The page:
Search results

You are looking at 1 - 2 of 2 items for :

  • "African conflicts" x
  • Refine by access: All content x
Clear All
Open Access (free)
Batman Saves the Congo: How Celebrities Disrupt the Politics of Development
Alexandra Cosima Budabin
Lisa Ann Richey

(2009) have written about, and this is a very American story, which I would be keen to hear the authors reflect more on. Affleck’s story draws heavily on traditions of adventure stories, such as Tarzan or Indiana Jones. His visits to the Congo, where others are unable (or unwilling, or afraid) to go, can be read in this way. Africa, and especially African conflicts, have become a frontier. In the absence of new places to ‘discover’, the extremes of life and death, danger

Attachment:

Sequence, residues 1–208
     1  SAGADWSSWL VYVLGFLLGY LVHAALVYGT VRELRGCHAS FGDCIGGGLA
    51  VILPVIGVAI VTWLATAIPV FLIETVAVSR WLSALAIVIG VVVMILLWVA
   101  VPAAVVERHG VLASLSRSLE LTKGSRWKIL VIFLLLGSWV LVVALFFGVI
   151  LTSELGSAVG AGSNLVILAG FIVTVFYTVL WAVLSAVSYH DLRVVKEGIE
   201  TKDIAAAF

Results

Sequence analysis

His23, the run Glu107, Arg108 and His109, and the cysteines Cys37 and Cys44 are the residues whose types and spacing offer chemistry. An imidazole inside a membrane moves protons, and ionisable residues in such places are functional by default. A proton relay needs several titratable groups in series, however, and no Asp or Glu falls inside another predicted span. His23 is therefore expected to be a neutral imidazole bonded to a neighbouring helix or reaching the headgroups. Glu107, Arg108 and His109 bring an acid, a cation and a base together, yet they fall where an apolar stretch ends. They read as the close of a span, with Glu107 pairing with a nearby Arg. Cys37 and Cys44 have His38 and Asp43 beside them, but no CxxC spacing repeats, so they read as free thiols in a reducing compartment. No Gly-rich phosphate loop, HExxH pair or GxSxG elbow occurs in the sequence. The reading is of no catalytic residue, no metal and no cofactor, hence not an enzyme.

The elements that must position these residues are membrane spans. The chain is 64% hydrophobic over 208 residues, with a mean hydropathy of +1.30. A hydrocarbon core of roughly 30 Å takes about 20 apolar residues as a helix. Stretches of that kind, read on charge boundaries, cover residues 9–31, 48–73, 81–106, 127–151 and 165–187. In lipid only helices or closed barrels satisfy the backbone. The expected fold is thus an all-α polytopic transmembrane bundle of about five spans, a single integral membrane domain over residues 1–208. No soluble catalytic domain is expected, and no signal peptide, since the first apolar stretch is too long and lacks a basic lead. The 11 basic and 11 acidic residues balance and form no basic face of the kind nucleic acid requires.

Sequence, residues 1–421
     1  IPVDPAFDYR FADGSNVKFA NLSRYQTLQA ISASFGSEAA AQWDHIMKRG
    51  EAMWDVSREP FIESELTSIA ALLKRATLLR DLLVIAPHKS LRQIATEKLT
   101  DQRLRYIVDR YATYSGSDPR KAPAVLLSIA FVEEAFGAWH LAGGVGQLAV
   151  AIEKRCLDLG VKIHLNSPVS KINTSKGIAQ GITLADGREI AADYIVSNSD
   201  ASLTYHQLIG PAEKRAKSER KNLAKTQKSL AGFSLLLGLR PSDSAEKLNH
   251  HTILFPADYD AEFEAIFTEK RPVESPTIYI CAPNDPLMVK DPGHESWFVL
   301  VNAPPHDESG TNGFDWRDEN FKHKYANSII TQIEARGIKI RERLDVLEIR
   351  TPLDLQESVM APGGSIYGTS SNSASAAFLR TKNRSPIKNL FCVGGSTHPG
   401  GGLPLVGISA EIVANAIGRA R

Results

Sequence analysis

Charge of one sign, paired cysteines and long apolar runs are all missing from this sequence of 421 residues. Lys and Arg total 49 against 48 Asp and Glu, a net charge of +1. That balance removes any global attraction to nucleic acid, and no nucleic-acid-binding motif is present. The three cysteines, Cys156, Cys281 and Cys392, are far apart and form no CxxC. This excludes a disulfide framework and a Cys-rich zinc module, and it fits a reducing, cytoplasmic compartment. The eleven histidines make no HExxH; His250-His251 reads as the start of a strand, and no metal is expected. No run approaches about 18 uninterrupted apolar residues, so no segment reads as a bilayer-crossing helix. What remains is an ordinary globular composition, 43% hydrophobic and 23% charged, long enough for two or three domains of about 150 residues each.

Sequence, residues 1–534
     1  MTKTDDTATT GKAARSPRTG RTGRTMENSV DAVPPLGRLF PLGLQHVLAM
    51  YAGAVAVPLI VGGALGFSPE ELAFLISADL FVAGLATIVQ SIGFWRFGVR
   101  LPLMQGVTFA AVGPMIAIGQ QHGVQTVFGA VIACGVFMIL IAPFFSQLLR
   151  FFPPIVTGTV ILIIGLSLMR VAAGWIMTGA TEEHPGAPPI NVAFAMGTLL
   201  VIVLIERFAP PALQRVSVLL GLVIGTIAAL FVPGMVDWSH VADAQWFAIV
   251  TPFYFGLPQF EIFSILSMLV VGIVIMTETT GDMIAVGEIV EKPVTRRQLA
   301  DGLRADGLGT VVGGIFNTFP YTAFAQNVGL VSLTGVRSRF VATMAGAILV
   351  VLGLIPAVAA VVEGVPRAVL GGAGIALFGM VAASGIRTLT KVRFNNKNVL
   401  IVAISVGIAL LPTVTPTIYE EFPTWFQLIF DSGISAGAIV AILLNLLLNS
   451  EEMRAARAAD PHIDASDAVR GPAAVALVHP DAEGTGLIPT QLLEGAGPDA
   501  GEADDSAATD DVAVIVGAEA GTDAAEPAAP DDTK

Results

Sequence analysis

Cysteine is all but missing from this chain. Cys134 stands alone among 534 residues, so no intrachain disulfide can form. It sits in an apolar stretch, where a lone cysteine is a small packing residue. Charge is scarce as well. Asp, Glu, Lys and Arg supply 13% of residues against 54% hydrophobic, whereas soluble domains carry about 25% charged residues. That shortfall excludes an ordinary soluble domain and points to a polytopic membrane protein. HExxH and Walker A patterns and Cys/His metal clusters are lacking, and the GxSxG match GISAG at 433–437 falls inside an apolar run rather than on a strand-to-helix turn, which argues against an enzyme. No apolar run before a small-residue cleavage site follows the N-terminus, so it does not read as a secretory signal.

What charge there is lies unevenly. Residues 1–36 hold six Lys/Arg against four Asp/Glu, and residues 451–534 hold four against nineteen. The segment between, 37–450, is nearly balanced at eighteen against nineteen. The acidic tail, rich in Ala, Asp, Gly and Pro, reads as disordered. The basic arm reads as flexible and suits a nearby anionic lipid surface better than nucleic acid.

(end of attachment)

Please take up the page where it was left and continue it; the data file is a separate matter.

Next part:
Journal of Humanitarian Affairs
Abstract only
Gender trouble in Siddiq Barmak’s Osama
Gabrielle Simm

, decision-making on the use of force if Bollywood, Nollywood or Chinese cinema were the subject of analysis? 17 It may be that those film industries have a different take on the conflicts that repeatedly appear in Hollywood films; or that they focus on different wars: Bangladesh, Sri Lanka or Kashmir; West African conflicts in which Nigeria plays regional superpower; or East Asian hot and cold wars? International lawyers with the linguistic and cultural competence to analyse these films would do well to undertake this work. Perhaps these cinemas are interested in other

in Cinematic perspectives on international law